The Application of a New Tool for Evaluation of Lung Function in COPD

The Application of a New Tool for Evaluation of Lung Function in COPD

River Publishers Series in

The Application of a New Tool for Evaluation of Lung Function in COPD

Author: Lars Pilegaard Thomsen, Center for Model-Based Medical Decision Support, Department of Health Science and Technology, Aalborg University, Aalborg, Denmark

e-ISBN: 9788793102415

Available: December 2013


The diagnosis and classification of COPD can be seen as the difficult task of describing a heterogeneous disease affecting a complex organ, using relatively simple measurements. Combining these measurements and thus describing the impact of disease on the lung and its functional capacity can provide additional information enabling the clinician to succeed in this task. In this context, this thesis has investigated the clinical description of pulmonary gas exchange abnormalities, the current standard (DLCO), the reference experimental technique (MIGET), and a new alternative (ALPE). The aim of the thesis has been to investigate the challenges ALPE faces in patients suffering from COPD (paper I) and if possible to present and evaluate new methods to overcome these challenges (paper II). Furthermore, integration of ALPE with routinely available clinical measurement and its relation to HRCT-scans was evaluated (paper III).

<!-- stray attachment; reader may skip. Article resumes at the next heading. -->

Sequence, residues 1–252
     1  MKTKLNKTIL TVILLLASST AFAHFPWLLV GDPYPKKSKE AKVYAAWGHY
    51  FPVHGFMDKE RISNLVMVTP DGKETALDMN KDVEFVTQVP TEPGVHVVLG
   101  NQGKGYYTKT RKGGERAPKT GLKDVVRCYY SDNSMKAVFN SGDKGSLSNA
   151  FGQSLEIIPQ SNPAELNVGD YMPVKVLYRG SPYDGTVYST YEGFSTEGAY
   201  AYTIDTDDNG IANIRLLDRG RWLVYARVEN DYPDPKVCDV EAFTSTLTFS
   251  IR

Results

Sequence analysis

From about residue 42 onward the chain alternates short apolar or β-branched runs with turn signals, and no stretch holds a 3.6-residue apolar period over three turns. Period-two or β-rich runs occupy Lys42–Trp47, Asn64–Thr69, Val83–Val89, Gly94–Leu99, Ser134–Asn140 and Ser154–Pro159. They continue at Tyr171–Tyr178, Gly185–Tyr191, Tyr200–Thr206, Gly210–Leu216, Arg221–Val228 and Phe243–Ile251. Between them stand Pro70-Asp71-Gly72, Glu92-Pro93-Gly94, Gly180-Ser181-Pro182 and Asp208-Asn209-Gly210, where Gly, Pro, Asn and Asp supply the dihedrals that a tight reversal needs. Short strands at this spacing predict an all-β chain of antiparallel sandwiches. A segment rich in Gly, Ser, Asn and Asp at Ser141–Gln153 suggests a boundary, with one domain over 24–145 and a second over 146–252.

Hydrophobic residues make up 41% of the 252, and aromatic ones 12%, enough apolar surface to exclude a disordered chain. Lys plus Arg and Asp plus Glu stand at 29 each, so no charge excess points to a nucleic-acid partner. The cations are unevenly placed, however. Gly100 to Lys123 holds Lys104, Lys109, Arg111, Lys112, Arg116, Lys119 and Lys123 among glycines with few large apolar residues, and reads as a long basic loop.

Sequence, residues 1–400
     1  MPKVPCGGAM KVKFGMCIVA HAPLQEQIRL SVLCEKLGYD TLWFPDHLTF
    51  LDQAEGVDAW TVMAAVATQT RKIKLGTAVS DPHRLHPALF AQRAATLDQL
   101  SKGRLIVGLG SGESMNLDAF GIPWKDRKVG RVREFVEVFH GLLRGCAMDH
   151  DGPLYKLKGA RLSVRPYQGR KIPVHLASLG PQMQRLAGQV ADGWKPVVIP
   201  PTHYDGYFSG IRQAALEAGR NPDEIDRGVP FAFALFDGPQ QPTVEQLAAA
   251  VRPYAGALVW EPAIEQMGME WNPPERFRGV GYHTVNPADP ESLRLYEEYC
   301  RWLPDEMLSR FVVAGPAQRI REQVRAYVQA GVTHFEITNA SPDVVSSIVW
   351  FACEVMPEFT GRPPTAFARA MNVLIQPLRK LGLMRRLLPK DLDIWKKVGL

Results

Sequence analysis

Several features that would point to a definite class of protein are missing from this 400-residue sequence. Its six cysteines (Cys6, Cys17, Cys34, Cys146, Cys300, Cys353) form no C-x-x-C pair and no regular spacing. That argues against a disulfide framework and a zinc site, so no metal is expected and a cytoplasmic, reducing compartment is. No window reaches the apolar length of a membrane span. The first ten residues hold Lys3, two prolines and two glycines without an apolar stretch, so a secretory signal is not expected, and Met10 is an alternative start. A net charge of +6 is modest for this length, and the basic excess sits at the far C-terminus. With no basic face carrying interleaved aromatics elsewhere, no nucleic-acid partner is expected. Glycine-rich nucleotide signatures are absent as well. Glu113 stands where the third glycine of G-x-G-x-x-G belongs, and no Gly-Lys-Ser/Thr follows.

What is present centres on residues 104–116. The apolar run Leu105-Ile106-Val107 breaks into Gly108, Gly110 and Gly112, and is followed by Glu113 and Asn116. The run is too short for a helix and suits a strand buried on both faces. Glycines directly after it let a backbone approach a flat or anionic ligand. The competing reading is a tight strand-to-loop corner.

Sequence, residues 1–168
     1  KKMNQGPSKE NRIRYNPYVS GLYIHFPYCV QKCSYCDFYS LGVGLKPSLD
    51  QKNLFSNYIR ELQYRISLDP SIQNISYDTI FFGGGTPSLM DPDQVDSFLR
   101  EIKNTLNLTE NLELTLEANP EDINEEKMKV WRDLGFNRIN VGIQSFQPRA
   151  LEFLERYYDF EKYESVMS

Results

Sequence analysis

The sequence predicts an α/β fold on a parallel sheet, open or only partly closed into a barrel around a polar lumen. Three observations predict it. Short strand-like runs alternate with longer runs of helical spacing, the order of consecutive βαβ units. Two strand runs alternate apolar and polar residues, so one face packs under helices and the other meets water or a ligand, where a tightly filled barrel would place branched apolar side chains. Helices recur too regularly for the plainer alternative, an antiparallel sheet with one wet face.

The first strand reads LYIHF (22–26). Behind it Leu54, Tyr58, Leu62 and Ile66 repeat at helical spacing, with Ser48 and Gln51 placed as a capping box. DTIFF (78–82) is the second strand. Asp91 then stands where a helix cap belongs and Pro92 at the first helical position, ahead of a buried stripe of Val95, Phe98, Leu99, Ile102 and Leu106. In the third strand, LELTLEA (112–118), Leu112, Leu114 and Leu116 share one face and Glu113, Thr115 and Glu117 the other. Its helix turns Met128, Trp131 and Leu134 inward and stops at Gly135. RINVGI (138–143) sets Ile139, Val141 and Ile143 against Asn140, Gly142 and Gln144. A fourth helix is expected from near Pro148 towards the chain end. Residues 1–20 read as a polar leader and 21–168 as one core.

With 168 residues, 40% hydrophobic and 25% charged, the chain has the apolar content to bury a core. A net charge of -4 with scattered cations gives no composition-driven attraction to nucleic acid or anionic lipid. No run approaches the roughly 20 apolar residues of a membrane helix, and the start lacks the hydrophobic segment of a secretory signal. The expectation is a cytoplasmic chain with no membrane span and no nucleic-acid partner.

The basics of the ALPE method is a mathematical model of pulmonary gas exchange. The thesis presents a novel method that allows this steady state model of gas exchange to be parameterized using breath by breath data. The principle of the method lies in estimation of delay in SpO2 measurements due to systemic circulation, and with this a corrected dataset for usage with the model can be constructed. The new method was evaluated in patients suffering from COPD and was shown to deliver equivalent results as the traditional steady state method. Another contribution of the thesis, has been the construction of a causal probabilistic network, where routinely available clinical measurement and ALPE is integrated. The network was shown to be able to categorize four well defined cases of COPD, similarly to the radiologic description obtained from HTCT-scans. This thesis has demonstrated, that ALPE may possibly be used as a tool for functional description in patients suffering from COPD. The developed causal network integrating ALPE with other routinely available measurements, may be used to target radiologic phenotypes of COPD, possibly in long-term clinical cohort studies or in daily clinical practice.
diagnosis and classification